Ashee Sharma

Sensodyne rides on Shatabdi to address 'sensitivity'

GSK Consumer Healthcare shifts focus from traditional outdoor formats to Shatabdi trains as the consumer touch point for its ongoing campaign, 'Wake up to Sensitivity'.

GSK Consumer Healthcare recently rolled out a campaign titled, 'Wake up to Sensitivity' which urges sufferers to shake off the inertia and switch to the desensitising toothpaste Sensodyne.

Launched in 2011, Sensodyne is GSK's oral healthcare brand targetted at people with sensitive teeth. Surpassing its competitor Colgate in 2013, Sensodyne was named India's No.1 'dentist recommended brand' for sensitive teeth last year by TNS, an independent market research firm that surveyed over 500 dentists nationwide. While it seems like the brand/category has arrived, not only in terms of growing awareness, but also market share, Prashant Pandey - marketing director, GSK Consumer Healthcare, gives us another perspective on the issue.

Sensodyne rides on Shatabdi to address 'sensitivity'
"In India, 35 per cent of adults suffer from sensitivity, out of which, currently, only one in five sufferers take any remedial action. This could be visiting a dentist or using specialised toothpaste for sensitive teeth. The rest either live with the problem or have devised strategies to cope with it, for example: avoidance of food that causes sensitivity and waiting for hot beverages to cool down before drinking them," says Pandey.

'Wake Up to Sensitivity', he informs, is an initiative to educate consumers and diagnose their condition through various activities, like the 'Chill Test' or the pen and paper test called 'Sensitometer'. It aims to raise awareness, aid in self diagnosis and inspire sufferers to take curative measures to deal with the problem.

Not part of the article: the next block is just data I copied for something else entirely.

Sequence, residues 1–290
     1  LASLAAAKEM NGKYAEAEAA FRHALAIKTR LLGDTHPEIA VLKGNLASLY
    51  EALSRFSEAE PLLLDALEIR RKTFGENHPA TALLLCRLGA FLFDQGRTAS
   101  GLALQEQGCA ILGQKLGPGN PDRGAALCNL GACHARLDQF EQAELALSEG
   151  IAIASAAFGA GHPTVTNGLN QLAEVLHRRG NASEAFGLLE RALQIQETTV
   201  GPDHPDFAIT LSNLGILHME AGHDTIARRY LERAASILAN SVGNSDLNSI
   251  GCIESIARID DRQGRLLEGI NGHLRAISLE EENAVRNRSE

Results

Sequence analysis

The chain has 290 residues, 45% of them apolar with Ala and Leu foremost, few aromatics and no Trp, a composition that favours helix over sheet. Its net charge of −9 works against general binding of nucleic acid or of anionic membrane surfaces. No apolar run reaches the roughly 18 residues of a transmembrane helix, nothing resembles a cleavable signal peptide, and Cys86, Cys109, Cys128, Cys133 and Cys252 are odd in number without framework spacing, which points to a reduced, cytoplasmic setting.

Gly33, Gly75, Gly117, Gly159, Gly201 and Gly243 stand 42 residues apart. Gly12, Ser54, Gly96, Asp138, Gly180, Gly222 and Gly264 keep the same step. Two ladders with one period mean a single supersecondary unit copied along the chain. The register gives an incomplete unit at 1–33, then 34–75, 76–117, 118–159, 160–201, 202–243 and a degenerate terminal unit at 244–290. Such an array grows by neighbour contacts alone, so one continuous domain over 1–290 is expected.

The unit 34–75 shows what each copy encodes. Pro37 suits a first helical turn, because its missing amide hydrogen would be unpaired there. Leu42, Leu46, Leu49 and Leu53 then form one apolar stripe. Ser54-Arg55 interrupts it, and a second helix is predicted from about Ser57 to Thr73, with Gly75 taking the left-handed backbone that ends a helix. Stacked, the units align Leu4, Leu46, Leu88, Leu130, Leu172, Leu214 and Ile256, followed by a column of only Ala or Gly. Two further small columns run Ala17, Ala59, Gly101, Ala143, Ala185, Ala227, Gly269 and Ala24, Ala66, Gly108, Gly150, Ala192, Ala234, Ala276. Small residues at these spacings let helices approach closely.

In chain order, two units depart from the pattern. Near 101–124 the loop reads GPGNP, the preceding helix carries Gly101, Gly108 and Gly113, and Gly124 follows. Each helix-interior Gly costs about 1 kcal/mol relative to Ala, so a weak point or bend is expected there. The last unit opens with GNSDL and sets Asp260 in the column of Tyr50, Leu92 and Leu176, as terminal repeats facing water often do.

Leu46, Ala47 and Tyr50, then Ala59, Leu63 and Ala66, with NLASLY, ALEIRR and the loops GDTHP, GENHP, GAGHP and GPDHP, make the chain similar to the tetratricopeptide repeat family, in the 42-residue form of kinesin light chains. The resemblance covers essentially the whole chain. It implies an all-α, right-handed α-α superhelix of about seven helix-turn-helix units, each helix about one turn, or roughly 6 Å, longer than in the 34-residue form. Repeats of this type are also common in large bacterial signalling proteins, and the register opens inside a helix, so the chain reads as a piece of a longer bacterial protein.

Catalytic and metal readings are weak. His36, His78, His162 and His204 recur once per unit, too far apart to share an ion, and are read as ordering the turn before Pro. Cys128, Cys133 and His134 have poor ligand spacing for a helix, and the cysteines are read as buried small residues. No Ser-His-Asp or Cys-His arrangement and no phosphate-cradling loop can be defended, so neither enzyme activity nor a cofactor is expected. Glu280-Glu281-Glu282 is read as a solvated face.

Conceptualised and executed by the brand's agencies - Grey Worldwide, Wunderman Digital and Mindshare - the campaign that began in mid July will run for 30 days across mediums including print, digital, radio and television. The emphasis, however, will be on on-ground activation and sampling initiatives in Shatabdi trains, corporate houses and modern trade outlets, along with door-to-door sampling, where the offline 'Sensitometer' test will be administered simultaneously.

The digital campaign will lead the user to the online version of the test, ending with an option to ask for a sample of Sensodyne on social media platforms like Facebook, YouTube, Twitter, website and mobile.

Although GSK has used these channels to popularise the brand earlier, the difference this time is that the audience is being nudged to take action. Elaborating further, Pandey says, "Last year, our core intent was to establish tooth sensitivity as an issue in India and reiterate the proposition that a sensitivity-free life is a no-compromise life. This year, we are popularising the tool to self diagnose tooth sensitivity on various media channels. As word-of-mouth has emerged as a critical lever to drive trials, we will also be seeking stories of relief from real users and share their positive stories on radio call-ins, mobile and social media platforms, thus inspiring others to change."

Last year, GSK rolled out a campaign to connect with over 20 lakh people through the 'Sensodyne Roadshow', featuring a canter that travelled across areas with high footfalls in various cities. This time, the scale and reach of the campaign has been extended to 45 Tier 1 and II cities, where the aim is to connect with over two crore people. Door-to-door sampling is currently underway in Delhi, Chennai and Kolkata. For Shatabdi sampling, GSK has chosen routes in and out of Delhi.

Sensodyne rides on Shatabdi to address 'sensitivity'
Vibha Desai, an independent advertising and marketing consultant, thinks that the campaign will be "high on reach and impact," particularly because of the choice of the consumer touch point. "Unlike a billboard or kiosk where you just pass by the message, railways give you a captive audience that is essentially bored," she says, adding that, in such a situation, they will be willing to listen to new ideas.
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